Snippet from article
In one e-mail, from 2003, the paper’s royal reporter, Clive Goodman, complained to the top editor, Andy Coulson, about a management push to cut back on cash payments to sources, saying he needed to pay his contacts in the Scotland Yard unit that protects the royal family.
In another e-mail, Mr. Goodman said that he did not want to go into detail about cash payments because everyone involved could “go to prison for this,” according to the two people who described the e-mail’s contents.
The two people also said that in the exchange of e-mails, Mr. Goodman requested permission from Mr. Coulson to pay £1,000 for a classified Green Book directory, which had been stolen by a police officer in the protection unit.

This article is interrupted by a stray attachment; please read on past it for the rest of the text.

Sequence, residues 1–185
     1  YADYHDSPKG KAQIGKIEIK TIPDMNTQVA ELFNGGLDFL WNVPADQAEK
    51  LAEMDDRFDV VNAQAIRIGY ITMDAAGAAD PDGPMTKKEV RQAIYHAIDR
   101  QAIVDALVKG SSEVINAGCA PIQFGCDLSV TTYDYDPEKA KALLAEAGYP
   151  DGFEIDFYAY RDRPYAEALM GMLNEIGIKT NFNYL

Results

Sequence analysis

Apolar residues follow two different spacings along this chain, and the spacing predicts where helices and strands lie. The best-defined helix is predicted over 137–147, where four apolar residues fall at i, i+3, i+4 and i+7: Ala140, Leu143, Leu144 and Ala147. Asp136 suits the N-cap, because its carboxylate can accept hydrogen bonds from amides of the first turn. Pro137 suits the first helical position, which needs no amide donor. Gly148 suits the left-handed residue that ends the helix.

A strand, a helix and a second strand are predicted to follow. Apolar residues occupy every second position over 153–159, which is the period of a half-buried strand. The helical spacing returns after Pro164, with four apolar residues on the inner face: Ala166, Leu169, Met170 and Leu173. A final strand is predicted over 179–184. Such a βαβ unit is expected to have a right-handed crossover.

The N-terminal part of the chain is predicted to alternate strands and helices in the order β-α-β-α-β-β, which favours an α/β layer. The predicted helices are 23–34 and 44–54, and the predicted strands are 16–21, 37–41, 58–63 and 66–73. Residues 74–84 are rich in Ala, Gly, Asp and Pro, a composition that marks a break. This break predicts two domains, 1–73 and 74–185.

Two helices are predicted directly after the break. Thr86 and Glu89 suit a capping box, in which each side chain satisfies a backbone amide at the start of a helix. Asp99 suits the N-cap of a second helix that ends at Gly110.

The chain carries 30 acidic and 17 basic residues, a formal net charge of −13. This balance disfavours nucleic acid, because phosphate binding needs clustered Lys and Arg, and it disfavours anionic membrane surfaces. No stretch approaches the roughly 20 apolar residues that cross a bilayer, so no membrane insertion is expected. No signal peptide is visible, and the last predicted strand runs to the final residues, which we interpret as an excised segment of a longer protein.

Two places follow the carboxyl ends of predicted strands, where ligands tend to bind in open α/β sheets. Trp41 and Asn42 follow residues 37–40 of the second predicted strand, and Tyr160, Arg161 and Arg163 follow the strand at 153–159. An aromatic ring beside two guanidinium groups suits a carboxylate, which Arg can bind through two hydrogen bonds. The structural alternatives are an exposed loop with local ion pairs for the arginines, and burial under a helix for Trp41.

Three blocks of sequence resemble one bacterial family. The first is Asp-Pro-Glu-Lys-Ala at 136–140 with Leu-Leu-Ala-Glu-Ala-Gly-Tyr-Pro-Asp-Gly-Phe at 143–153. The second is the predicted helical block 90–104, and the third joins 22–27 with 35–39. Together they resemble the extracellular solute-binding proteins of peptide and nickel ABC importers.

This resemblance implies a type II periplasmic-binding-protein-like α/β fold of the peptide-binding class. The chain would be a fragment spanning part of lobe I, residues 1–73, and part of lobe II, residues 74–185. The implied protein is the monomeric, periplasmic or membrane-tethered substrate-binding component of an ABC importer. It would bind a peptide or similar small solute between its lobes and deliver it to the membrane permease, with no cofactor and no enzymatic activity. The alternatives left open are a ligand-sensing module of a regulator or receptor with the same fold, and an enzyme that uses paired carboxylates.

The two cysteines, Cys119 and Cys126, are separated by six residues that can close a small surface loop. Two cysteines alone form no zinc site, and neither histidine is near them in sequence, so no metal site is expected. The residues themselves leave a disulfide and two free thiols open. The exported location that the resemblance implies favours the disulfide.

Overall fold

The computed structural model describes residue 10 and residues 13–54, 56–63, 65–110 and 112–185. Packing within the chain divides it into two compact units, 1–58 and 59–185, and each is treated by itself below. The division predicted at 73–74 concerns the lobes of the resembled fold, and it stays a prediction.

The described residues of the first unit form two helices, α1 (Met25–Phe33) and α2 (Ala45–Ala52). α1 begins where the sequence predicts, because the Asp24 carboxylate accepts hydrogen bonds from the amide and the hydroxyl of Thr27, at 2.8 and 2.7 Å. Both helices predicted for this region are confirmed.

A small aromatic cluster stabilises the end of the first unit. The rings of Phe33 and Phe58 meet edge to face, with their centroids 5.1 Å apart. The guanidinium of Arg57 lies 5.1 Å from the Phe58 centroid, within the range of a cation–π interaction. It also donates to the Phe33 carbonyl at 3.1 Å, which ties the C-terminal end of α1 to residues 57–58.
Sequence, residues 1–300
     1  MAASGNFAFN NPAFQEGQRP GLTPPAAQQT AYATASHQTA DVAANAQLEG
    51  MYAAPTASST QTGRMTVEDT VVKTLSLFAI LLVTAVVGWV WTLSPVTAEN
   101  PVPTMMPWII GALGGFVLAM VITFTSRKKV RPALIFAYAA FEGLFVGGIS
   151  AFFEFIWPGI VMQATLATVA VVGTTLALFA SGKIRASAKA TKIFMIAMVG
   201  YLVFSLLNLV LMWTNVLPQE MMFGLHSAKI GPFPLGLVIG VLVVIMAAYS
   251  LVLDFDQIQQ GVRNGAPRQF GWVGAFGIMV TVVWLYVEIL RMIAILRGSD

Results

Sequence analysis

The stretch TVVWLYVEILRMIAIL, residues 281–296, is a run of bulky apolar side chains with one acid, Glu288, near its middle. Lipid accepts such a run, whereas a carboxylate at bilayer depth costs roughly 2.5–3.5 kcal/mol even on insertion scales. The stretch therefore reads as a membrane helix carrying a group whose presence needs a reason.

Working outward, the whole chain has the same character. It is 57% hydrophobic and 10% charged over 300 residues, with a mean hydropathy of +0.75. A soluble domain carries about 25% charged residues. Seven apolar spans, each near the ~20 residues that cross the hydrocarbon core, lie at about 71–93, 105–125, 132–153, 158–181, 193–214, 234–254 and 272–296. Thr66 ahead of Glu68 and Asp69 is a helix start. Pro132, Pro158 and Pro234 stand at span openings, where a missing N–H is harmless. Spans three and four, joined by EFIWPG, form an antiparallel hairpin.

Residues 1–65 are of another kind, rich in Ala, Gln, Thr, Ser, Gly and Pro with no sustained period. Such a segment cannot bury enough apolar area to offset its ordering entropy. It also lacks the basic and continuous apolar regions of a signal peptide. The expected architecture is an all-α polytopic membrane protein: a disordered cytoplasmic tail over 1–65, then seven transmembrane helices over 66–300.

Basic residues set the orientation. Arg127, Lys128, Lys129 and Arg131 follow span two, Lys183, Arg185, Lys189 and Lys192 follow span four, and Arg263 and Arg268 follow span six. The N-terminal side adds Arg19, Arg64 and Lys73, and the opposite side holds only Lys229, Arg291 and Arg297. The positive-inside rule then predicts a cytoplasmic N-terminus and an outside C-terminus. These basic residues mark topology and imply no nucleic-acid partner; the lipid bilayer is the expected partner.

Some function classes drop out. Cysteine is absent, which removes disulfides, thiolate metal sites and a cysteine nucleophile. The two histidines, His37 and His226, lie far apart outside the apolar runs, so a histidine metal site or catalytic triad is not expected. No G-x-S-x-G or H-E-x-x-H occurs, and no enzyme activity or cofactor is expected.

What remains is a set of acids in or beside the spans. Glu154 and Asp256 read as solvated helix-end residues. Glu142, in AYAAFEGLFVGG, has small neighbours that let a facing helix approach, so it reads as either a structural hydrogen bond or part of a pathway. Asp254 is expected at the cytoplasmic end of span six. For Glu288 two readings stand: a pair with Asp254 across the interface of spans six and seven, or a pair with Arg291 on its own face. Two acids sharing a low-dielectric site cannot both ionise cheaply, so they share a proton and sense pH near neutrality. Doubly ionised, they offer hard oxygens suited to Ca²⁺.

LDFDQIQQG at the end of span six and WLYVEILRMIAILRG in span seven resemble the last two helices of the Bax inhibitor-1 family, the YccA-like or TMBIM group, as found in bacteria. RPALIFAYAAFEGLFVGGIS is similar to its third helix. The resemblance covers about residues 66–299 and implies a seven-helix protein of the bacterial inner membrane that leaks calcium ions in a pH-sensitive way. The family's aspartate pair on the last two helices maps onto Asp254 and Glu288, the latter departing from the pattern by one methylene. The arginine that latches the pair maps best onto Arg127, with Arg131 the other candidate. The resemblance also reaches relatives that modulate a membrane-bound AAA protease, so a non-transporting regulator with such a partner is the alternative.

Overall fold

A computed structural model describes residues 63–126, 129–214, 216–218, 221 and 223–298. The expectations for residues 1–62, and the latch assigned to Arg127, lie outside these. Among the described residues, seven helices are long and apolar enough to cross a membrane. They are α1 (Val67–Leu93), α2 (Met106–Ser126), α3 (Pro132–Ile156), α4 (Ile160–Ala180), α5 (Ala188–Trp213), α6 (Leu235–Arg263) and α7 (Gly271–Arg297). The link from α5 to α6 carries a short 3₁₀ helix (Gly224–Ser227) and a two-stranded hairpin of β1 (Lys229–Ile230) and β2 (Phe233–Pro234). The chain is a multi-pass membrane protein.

The book contains the private phone numbers of the queen, the royal family and their closest friends and associates — a potentially useful tool for hacking.
In the years since the letter was written, various revelations have confirmed that phone hacking was endemic at the tabloid. Evidence disclosed in the past several weeks of widespread payoffs to the police have given rise to a second, and potentially more potent, front in the scandal.
Both Harbottle & Lewis and News International took notice of the e-mails to and from Mr. Goodman containing those initial indications of payoffs in 2007, according to the two people knowledgeable about the events.
News International’s chief lawyer set them aside for a second look, and they were among the e-mails retained in the files of the law firm.
Yet they were not turned over to the police until last month, and no hint of their existence made its way into the firm’s single-paragraph letter four years ago....read more